On the Chinese Lunar calendar, the new year begins on Friday, February 16, 2018 and bow-wow-wow, it’s the year of the dog. The occasion only rolls around once every 12-years in the repeating cycle of animals of the East Asian zodiac. Why not celebrate it, and the best animal on earth, with a jewel?
The most delightful dog jewelry styles have portraits of our four-legged friends. Pieces that capture the sass and personality of dogs. Ones that make them look like they are about to talk like the animals in Wes Anderson’s forth-coming live action film The Isle of Dogs.
Reverse carved crystal painting is one of the best ways dogs have been depicted in jewelry. The time-honored technique has a history that dates back hundreds of years. The glory days went from the Victorian era to the 1920s. Artists painstakingly carved the crystals and then painted all kinds of animals and wildlife scenes on the mineral.
Charming pieces can be found on the vintage market today (see examples below). According to my friends at Antique Jewelry University, the style is often referred to as Essex crystals because somewhere along the way it was mistakenly believed that a miniaturist named William Essex was responsible for inventing or popularizing the technique.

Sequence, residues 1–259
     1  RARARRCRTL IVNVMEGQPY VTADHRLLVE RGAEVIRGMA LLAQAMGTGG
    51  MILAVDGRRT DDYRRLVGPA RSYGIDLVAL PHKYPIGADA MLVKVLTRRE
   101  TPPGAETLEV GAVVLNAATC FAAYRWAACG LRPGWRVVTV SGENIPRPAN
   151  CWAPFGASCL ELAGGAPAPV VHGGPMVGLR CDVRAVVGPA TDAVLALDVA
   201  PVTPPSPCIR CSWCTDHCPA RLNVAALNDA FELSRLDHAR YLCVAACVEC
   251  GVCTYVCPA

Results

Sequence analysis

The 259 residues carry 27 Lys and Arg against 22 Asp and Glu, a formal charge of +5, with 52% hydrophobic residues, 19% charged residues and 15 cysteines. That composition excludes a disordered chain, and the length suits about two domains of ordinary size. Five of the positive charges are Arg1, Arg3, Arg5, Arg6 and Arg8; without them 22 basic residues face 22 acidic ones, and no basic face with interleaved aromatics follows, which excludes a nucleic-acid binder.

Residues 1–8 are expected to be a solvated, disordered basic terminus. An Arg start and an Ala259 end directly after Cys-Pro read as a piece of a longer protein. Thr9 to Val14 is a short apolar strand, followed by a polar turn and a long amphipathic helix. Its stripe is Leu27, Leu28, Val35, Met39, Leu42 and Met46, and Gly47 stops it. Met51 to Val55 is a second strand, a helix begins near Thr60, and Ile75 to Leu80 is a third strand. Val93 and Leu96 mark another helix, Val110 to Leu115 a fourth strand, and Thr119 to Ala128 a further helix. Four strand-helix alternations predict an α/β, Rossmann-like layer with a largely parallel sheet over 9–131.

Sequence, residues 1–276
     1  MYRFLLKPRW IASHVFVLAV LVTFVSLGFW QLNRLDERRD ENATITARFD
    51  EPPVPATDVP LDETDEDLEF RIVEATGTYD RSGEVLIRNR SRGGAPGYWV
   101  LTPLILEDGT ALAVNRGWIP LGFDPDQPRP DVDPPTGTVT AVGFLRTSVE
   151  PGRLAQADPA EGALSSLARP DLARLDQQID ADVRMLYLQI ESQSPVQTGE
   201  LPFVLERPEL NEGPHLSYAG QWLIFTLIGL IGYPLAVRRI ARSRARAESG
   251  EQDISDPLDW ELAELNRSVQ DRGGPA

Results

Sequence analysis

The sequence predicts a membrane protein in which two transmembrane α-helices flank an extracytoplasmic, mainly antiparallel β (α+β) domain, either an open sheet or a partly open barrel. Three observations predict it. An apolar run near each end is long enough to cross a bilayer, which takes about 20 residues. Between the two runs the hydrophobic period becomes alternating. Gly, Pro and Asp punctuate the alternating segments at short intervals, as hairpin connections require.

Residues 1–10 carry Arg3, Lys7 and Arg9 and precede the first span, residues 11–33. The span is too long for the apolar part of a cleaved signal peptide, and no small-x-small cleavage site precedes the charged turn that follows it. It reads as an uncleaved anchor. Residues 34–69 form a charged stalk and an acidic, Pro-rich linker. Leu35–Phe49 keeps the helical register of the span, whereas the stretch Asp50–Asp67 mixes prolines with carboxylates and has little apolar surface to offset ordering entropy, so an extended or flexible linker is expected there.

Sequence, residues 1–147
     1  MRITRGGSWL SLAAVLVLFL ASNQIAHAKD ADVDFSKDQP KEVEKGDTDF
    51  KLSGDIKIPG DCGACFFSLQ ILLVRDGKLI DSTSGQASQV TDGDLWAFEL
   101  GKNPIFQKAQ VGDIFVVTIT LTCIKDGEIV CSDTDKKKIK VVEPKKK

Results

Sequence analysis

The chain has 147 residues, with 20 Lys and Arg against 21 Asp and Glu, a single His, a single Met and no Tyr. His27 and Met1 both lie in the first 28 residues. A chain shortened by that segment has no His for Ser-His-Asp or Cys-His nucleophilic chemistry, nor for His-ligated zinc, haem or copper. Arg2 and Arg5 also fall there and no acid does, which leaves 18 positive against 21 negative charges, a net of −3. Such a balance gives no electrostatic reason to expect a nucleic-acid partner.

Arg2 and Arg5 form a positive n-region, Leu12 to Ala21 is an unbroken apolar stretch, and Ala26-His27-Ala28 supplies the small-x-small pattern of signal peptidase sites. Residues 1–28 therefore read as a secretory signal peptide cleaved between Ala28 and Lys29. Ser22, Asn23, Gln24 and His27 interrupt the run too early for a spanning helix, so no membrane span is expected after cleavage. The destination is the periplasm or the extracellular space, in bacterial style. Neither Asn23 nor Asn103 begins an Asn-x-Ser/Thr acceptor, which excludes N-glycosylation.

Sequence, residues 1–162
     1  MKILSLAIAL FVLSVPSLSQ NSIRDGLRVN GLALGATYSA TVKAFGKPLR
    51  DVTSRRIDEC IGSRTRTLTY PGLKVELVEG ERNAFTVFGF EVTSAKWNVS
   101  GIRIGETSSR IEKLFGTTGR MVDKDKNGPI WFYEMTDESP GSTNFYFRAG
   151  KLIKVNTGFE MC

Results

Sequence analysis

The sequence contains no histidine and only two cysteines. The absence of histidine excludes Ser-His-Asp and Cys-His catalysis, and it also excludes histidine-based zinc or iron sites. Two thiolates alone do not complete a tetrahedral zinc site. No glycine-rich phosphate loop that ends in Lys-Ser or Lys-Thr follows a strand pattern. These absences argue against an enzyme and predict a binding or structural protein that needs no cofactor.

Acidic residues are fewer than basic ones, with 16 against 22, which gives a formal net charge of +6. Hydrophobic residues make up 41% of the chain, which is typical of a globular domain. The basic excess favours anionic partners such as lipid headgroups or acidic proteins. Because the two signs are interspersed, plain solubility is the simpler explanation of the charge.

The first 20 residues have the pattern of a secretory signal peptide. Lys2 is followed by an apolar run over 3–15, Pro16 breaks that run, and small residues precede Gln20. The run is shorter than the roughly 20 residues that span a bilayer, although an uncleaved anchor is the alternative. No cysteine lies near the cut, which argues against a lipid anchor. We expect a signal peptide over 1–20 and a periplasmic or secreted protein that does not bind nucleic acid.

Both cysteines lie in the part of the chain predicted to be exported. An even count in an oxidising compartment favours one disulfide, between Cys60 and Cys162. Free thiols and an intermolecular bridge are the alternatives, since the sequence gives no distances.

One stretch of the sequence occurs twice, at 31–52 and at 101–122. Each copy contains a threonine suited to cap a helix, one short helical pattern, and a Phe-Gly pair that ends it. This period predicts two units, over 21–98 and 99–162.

Jewelry designer Irene Neuwirth revived carved crystal paintings of dogs and a few cats in her jewelry around four years ago. She works side-by-side with a master craftsman from Germany on dog portraits to make sure the paintings are impressionistic and playful, reflecting her colorful vibrant style. Each piece is then mounted into a gold and gem-set jewel. Irene’s beloved Labradoodle Teddy has been the subject of a few sittings including in a heart pendant and one glorious ring. The jewels can be commissioned through Irene’s boutique in Los Angeles on Melrose Place, call 323-285-2000.
Designer Elizabeth Locke celebrates dogs in her jewelry by finding fabulous examples of vintage carved crystal paintings and setting them into her gorgeous gold pendants.
Elizabeth also sets amazing antique examples of dogs in micromosaic portraits in her pendants. These little works of art are tiny renditions of larger mosaics, created in basically the same way. Minute pieces of glass or tesserae are fitted together in the portraits.
The online boutique Fox & Bond works with painter Whitney Arrington who makes delightful portraits of their clients dogs. Then the miniatures are set in 14K gold locket style jewels. A portion of the proceeds from each Fox & Bond custom hand-painted pet portrait is donated to TAPS, The Animal Protectorates, a Los Angeles based no-kill animal shelter. Giving something back to the creatures who give us so much, well, there probably is no better way to celebrate the Year of the Dog.